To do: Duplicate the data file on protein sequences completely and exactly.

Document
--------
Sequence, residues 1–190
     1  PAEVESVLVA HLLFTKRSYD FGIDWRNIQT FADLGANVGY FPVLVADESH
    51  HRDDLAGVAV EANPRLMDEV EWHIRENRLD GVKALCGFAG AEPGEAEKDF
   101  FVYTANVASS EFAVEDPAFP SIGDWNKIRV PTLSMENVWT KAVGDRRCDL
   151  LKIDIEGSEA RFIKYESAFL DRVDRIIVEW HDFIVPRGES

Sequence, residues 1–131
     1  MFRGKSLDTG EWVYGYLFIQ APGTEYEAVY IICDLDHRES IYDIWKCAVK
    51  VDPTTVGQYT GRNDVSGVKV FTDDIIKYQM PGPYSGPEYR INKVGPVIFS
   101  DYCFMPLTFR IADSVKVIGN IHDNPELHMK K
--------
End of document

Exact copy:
Sequence, residues 1–190
     1  PAEVESVLVA HLLFTKRSYD FGIDWRNIQT FADLGANVGY FPVLVADESH
    51  HRDDLAGVAV EANPRLMDEV EWHIRENRLD GVKALCGFAG AEPGEAEKDF
   101  FVYTANVASS EFAVEDPAFP SIGDWNKIRV PTLSMENVWT KAVGDRRCDL
   151  LKIDIEGSEA RFIKYESAFL DRVDRIIVEW HDFIVPRGES

Sequence, residues 1–131
     1  MFRGKSLDTG EWVYGYLFIQ APGTEYEAVY IICDLDHRES IYDIWKCAVK
    51  VDPTTVGQYT GRNDVSGVKV FTDDIIKYQM PGPYSGPEYR INKVGPVIFS
   101  DYCFMPLTFR IADSVKVIGN IHDNPELHMK K